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Discussion Starter · #1 ·
I am adding a second HDTV to our home and want to know if there is a special splitter I should use for splitting the signal from my existing 100 ft. RG6 cable run from a rooftop antenna (CM 3021, no amp) to the new TV. The split would occur at about the halfway point of the existing run and would only be about 10 ft. of additional cable. Thanks for any help.
 

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Quote:
Originally posted by Iwanthd
I am adding a second HDTV to our home and want to know if there is a special splitter I should use for splitting the signal from my existing 100 ft. RG6 cable run from a rooftop antenna (CM 3021, no amp) to the new TV. The split would occur at about the halfway point of the existing run and would only be about 10 ft. of additional cable. Thanks for any help.
You don't say what your signal strength is, as far as whether it is marginal or not. Theoretically, any splitter should decrease the signal on each side by 3db (equal to 1/2.) There's usually a little more loss because nothing is perfect, so figure 3.5db. Unless you're borderline getting a signal, almost any splitter should be okay. If you want the best, get one from Channel Master or buy the "Gold Series" one for $10 from Radio Shack.


If you lose one or more stations after inserting the splitter, a preamplifier might be a wise investment. But don't buy one if you don't need it. The signal-to-noise ratio is much more important than the absolute signal strength.
 

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Just use a regular coax splitter.


If you notice dropouts or weak signals on either TV after adding the splitter, install a high quality LOW NOISE preamp. The Channel Master CM 7777 is an excellent one.


Preamps are two-piece. The amp is installed on the antenna mast as close to the antenna as possible. The power supply may be installed anywhere and feeds through the existing coax. If you install the power supply behind one of the TVs, the other TV will need a DC block to prevent DC voltage from entering its antenna jack.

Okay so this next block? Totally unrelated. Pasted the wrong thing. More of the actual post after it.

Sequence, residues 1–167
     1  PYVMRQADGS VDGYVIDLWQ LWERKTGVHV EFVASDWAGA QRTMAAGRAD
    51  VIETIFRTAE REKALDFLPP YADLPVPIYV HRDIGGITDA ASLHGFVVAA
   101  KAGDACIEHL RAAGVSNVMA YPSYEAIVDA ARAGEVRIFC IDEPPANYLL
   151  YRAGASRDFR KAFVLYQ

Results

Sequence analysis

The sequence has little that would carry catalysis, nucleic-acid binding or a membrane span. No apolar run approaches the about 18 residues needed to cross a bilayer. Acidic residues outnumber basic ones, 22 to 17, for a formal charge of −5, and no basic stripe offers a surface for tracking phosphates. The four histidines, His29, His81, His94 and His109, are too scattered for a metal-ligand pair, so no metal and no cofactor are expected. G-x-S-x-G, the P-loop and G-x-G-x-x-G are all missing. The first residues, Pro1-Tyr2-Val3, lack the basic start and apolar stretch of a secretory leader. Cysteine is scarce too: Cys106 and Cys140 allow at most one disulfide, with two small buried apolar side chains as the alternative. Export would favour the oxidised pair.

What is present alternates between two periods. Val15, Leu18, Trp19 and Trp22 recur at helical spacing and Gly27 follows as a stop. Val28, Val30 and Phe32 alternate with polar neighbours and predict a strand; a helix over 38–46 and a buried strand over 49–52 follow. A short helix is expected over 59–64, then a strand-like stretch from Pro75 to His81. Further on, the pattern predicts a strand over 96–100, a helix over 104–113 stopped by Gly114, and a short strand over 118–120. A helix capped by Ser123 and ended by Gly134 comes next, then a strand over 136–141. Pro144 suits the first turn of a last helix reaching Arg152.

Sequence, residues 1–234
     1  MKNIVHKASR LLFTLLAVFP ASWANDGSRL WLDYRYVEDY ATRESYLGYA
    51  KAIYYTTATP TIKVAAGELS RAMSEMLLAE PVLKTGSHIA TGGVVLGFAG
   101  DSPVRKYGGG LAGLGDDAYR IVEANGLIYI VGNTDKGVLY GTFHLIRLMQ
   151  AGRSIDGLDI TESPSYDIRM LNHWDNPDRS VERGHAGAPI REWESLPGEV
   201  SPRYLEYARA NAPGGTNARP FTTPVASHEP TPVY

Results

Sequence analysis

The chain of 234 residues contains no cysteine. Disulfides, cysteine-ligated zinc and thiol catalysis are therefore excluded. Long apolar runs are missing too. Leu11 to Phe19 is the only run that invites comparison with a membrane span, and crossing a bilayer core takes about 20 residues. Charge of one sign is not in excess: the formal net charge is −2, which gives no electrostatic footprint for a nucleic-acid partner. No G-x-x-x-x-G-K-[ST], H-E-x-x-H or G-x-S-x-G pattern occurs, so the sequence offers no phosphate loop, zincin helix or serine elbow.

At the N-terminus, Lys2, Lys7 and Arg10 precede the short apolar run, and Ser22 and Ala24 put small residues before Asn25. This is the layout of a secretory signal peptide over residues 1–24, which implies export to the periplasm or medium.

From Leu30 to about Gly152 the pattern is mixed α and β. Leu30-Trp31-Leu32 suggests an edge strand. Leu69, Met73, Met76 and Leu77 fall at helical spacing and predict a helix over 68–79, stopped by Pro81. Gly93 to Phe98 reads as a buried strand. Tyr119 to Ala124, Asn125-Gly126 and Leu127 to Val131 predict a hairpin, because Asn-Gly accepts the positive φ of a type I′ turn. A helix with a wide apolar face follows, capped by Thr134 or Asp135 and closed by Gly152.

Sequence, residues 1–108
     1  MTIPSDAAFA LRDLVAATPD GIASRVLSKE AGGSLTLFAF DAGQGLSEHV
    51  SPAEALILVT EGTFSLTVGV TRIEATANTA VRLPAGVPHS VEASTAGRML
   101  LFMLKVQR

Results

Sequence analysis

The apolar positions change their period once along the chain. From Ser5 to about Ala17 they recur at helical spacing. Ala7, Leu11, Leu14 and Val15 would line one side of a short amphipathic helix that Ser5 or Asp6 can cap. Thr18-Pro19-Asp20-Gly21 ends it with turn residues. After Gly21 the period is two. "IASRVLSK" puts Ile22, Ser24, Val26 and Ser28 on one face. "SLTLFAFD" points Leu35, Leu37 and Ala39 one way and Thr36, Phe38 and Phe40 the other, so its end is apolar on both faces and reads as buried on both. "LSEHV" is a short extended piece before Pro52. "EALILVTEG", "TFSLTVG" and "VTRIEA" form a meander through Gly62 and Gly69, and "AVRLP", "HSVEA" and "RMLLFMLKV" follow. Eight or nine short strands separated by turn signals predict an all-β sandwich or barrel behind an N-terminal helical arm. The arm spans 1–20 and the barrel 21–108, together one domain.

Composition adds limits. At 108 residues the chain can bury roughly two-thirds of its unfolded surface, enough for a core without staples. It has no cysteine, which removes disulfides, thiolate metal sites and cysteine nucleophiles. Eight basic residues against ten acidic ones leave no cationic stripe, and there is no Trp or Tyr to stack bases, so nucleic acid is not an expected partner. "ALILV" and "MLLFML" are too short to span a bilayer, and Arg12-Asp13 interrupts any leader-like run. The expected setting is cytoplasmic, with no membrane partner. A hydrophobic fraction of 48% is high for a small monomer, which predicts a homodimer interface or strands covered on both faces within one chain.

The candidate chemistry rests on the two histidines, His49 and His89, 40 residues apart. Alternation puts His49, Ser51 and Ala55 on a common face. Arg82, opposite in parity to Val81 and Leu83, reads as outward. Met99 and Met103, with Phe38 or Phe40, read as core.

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Discussion Starter · #4 ·
Thanks for the response. I have a Panny STB that does not have a signal strength meter but I know that all of our local stations are broadcasting low power signals from temporary transmitters.


arxaw-

Thanks for the advice, where exactly is the DC block installed?
 

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I recently got rid of my satellite temporarily, and have resorted to a standard cable feed. I have a HD Antenna as well. Is there a way to split these two inputs? I have one RG6 running down the wall. I'd run another but it's a two story. This was no problem with a diplexer before, but the cable and Antenna paired doesn't work. Is there a different splitter I can use?
 

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Quote:
Originally posted by JSB
I recently got rid of my satellite temporarily, and have resorted to a standard cable feed. I have a HD Antenna as well. Is there a way to split these two inputs? I have one RG6 running down the wall. I'd run another but it's a two story. This was no problem with a diplexer before, but the cable and Antenna paired doesn't work. Is there a different splitter I can use?
Since cable and OTA use the same frequencies, there's no easy way to use a diplexer. However, you could use Radio Shack's remote switcher that works as an A-B switch.
 

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He would still have to run 2 cables, even with the A/B switch. You can't install the RS remote A/B switch outside.
 

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His STB probably has two inputs anyway.. one for OTA and one for cable.. combine only to split again later?? pay somebody young to run the second cable.. :)
 
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